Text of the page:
2. Immediate complications are rare. Usually minor bleeding that stops immediately and slightly significant bleeding must be stopped by applying local pressure. Noteworthy long term complication is scarring of the incision area, which can manifest in breastfeeding problems that occurred a few days after the procedure, even when there is initial improvement observed immediately after the first treatment. Some advocate opening the wound with a finger to prevent scarring of the incision but this recommendation has no validity in the literature and thus depends on the performing doctor's experience.
  3. Operation will be carried out only by a physician experienced in it. Usually, but not necessarily, it is your pediatrician, family doctor, a pediatric surgeon, pediatric otolaryngology or pediatric Dentist.
  4. Repeated breastfeeding consulting should be considered, in case of lack of sufficient improvement in breastfeeding after the tongue release. If there is no improvement after consulting you may consider referral to a Speech pathologist specializing in eating and / or eating disorder clinic. There is no evidence that second cutting due to unsolved breastfeeding difficulties contributed more than a single cutting.



Symptomatic tongue-tie can interfere with the success and experience of the breastfeeding mother and baby. The anatomic description of the tongue is not the major parameter while deciding whether to continue treatment. It is recommended to treat when there are signs and symptoms that are related to Tongue-Tie, such as mother's nipple pain, that is not improved after breastfeeding consultation.

There is no indication to treat asymptomatic cases, in bottle fed infants or in order to avoid future difficulties in pronunciation. Treatment in infancy is a clinic act and should be performed without sedation or with local anesthetic by an experienced doctor.



Translated from Hebrew to English by Leeron Piechota

Breastfeeding Management Course 2015


  1. Coryllos E, Genna CW, Salloum AC. Congenital tongue-tie and its impact on breastfeeding AAP section on Breastfeeding Summer 2004. Available from URL:


  1. A Rowan-Legg. Ankyloglossia and Breastfeeding. Canadian Pediatric Society Position Statement. Available from URL: http://www.cps.ca/english/statements/CP/cp11-01.htm.
  2. Hazelbaker AK. The Assessment Tool for Lingual Frenulum Function (ATLFF): Use in a Lactation Consultant Private Practice [master's thesis]. Pasadena, CA: Pacific Oaks College;1993 (available in part: Forlenza GP et al. Pediatrics 2010; 125: e1500-e1504)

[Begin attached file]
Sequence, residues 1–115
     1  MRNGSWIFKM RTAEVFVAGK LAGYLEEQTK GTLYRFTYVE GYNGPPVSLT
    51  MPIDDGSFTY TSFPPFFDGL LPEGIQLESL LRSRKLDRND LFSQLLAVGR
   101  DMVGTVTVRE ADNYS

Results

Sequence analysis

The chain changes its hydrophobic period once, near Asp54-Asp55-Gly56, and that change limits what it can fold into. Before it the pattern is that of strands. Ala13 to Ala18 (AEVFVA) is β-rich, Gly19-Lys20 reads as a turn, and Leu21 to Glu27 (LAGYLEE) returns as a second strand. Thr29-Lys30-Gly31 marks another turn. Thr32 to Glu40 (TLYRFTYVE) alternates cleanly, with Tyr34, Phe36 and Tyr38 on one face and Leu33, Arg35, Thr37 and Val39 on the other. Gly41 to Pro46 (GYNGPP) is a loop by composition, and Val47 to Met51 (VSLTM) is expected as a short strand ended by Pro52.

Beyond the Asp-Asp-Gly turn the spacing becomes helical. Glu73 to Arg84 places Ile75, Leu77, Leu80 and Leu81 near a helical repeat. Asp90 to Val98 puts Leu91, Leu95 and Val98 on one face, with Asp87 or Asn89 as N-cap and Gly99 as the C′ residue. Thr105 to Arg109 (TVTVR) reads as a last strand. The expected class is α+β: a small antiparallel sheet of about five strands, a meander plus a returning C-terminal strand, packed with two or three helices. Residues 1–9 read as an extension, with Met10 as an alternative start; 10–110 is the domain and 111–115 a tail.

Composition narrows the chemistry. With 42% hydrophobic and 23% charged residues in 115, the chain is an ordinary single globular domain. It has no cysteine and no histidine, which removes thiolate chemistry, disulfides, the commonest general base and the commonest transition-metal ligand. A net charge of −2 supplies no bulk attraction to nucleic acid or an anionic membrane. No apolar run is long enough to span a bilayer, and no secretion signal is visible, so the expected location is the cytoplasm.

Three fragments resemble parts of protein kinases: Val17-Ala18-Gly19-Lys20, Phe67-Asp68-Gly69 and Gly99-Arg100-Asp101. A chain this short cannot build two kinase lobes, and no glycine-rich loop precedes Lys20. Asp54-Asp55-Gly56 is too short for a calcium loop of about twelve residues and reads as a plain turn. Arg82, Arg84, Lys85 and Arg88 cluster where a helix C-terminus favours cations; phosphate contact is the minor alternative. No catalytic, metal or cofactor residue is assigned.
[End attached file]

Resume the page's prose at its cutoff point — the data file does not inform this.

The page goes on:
3. Forlenza GP, Paradise Black NM, McNamara EG, Sullivan SE. Ankyloglossia, exclusive breastfeeding, and failure to thrive. Pediatrics 2010; 125: e1500-e1504.
  4. Ballard JL, Auer CE, Khoury JC, Ankyloglossia: assessment, incidence, and effect of frenuloplasty on the breastfeeding dyad. Pediatrics, 2002; 110: e63.
  5. Messner AH, Lalakea ML, Aby J, Macmahon J, & al, Ankyloglossia: incidence and associated Difficulties feeding. Arch Otolaryngol Head Neck Surg, 2000; 126: 36-39.
  6. Lalakea ML, Messner AH, Ankyloglossia: does it matter? Pediatr Clin North Am, 2003; 50: 381-97.
  7. Ricke LA, Baker NJ, Madlon-Kay DJ, DeFor TA, Newborn tongue-tie: prevalence and effect on breast-feeding. Am Board Fam J Pract 2005; 18: 1-7.
  8. Dollberg S, Botzer E, Grunis E, Mimouni FB, Immediate nipple pain relief after frenotomy in breast-fed infants with ankyloglossia: a randomized, prospective study. J Pediatr Surg, 2006; 41: 1598-1600.
  9. Buryk M, Bloom D, Shope T. Efficacy of neonatal release of ankyloglossia: A randomized trial. Pediatrics 2011; 128: 280-288.
  10. Geddes DT, Langton DB, Gollow I, Jacobs LA, Hartmann PE, Simmer K. Frenulotomy for breastfeeding infants with ankyloglossia: effect on milk removal and sucking mechanism as imaged by ultrasound. Pediatrics. 2008 Jul; 122 (1): e188-94.
  11. Dollberg S, Manor Y, Makai E, Botzer E. Evaluation of speech intelligibility in children with tongue-tie. Acta Paediatr 2011; 100 (9): e125-7.
  12. Lalakea ML & Messner AH. Ankyloglossia: the adolescent and adult perspective. Otolaryngol Head Neck Surg 2003; 128: 746-752.


Dollberg S, Botzer E. Neonatal Tongue-tie: Myths and Science. Harefuah 2011. 1: 150.

Knox I. Tongue Tie and Frenotomy in the Breastfeeding Newborn. NeoReviews 2010; 11: E513 -E519.